Cutaneous exposure to agglomerates of silica nanoparticles and allergen results in IgE-biased immune response and increased sensitivity to anaphylaxis in mice.

Hirai T, Yoshioka Y, Takahashi H, Ichihashi K, Udaka A, Mori T, Nishijima N, Yoshida T, Nagano K, Kamada H, Tsunoda S, Takagi T, Ishii KJ, Nabeshi H, Yoshikawa T, Higashisaka K, Tsutsumi Y - Part Fibre Toxicol (2015)

Sensitivity to anaphylactic shock. Time-dependence of change in rectal temperature in NC/Nga mice due to intravenous challenge with Dp after treatment with Dp alone or Dp + nSP30 in PBS. Data are given as means ± SEMs (n = 6). *P < 0.05 vs. Dp-alone group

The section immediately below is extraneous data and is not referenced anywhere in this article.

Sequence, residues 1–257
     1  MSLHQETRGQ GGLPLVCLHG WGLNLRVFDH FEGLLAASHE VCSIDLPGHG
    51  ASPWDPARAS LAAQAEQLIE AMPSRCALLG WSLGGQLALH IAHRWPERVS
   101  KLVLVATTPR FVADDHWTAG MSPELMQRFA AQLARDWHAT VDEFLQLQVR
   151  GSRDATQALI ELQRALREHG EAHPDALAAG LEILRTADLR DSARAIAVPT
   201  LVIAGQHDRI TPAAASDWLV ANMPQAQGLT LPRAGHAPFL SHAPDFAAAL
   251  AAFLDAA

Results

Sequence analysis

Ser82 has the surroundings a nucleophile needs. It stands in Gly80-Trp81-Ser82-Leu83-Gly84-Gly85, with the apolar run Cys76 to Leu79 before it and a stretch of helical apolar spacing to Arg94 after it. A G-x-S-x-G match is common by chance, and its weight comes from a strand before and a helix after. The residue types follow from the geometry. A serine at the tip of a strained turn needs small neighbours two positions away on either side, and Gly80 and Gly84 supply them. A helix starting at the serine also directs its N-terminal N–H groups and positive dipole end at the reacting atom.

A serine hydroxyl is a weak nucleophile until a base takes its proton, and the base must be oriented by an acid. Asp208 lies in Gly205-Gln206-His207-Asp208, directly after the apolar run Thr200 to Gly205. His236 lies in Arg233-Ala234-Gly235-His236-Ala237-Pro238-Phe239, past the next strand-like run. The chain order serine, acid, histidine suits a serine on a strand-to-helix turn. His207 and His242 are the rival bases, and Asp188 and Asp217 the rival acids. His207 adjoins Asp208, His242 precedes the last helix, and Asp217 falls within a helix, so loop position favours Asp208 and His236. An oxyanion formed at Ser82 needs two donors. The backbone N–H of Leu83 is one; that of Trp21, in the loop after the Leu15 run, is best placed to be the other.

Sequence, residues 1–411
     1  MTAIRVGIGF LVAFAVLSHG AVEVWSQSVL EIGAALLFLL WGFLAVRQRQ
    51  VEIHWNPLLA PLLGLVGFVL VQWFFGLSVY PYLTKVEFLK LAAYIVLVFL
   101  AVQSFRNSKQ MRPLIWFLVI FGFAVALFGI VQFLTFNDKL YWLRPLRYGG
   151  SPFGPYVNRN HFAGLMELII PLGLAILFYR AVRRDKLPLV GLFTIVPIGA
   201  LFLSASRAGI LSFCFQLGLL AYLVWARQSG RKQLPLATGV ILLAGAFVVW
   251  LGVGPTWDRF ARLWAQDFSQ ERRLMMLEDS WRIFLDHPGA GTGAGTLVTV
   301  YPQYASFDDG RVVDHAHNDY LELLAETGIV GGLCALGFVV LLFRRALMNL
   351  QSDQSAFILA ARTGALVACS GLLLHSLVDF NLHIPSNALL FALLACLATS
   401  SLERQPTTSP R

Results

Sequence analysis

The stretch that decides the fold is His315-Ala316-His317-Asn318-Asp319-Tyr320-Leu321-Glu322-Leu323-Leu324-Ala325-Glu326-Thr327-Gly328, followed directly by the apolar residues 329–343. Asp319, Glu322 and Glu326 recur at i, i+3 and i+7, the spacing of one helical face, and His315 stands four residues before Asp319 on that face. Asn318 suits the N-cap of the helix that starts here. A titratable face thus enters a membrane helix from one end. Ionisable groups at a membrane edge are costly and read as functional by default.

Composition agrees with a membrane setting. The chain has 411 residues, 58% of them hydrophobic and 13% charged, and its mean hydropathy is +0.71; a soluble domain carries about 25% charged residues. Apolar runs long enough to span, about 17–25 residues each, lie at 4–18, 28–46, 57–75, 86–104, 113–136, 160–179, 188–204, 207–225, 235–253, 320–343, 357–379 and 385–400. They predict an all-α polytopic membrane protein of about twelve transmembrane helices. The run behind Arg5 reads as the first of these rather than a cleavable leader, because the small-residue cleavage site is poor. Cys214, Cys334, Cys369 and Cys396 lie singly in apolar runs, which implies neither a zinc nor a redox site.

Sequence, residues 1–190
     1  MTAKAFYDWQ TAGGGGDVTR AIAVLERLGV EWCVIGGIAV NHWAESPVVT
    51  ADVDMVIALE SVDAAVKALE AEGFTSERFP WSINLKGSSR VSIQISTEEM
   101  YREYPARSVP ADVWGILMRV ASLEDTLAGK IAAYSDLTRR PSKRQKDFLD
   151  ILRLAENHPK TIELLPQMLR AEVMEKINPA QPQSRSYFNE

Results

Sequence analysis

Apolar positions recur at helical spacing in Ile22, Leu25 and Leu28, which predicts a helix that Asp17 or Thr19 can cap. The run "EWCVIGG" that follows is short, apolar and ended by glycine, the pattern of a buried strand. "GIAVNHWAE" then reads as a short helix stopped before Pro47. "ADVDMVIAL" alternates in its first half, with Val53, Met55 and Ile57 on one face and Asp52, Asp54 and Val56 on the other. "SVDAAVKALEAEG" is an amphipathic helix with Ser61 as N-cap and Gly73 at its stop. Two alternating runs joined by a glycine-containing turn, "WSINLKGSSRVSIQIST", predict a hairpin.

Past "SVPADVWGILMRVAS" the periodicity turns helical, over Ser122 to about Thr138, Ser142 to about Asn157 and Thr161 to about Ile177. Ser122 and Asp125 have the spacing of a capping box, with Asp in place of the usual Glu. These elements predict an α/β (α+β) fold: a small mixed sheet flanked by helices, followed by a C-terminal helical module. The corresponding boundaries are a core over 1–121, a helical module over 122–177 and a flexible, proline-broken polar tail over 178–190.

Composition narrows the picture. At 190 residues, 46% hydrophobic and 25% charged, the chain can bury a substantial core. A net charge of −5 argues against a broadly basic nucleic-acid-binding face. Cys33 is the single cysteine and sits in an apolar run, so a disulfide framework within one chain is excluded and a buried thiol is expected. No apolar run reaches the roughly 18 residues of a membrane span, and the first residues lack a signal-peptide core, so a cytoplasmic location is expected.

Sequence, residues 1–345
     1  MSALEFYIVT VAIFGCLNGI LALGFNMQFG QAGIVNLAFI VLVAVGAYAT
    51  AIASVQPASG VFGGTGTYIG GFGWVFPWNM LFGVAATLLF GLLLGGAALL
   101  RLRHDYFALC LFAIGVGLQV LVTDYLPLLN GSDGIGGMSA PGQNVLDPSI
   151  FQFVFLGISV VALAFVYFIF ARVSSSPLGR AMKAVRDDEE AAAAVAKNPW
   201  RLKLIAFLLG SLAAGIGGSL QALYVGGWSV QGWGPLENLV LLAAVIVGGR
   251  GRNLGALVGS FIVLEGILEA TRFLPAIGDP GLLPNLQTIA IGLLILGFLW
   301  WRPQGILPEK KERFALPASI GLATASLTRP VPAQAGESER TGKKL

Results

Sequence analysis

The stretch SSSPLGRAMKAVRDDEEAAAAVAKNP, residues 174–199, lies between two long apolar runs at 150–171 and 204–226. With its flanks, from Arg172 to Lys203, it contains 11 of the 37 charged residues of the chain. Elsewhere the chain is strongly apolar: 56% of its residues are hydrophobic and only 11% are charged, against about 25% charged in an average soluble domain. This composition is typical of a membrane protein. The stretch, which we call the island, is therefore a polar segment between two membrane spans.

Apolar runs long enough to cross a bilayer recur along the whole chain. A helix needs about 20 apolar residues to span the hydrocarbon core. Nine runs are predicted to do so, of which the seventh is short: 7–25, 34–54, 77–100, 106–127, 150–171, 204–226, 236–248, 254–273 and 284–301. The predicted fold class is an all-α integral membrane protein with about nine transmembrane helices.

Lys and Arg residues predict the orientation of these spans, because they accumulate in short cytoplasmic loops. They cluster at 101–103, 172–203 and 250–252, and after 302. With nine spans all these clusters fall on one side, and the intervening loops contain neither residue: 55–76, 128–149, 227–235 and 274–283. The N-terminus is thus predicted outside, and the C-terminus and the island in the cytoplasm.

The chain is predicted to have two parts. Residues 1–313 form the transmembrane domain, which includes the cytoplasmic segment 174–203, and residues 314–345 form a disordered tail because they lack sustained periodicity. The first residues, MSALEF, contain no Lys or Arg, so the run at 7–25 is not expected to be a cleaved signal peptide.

© Copyright Policy - open-access
Related In: Results  -  Collection

License 1 - License 2
Show All Figures
getmorefigures.php?uid=PMC4482284&req=5

Fig4: Sensitivity to anaphylactic shock. Time-dependence of change in rectal temperature in NC/Nga mice due to intravenous challenge with Dp after treatment with Dp alone or Dp + nSP30 in PBS. Data are given as means ± SEMs (n = 6). *P < 0.05 vs. Dp-alone group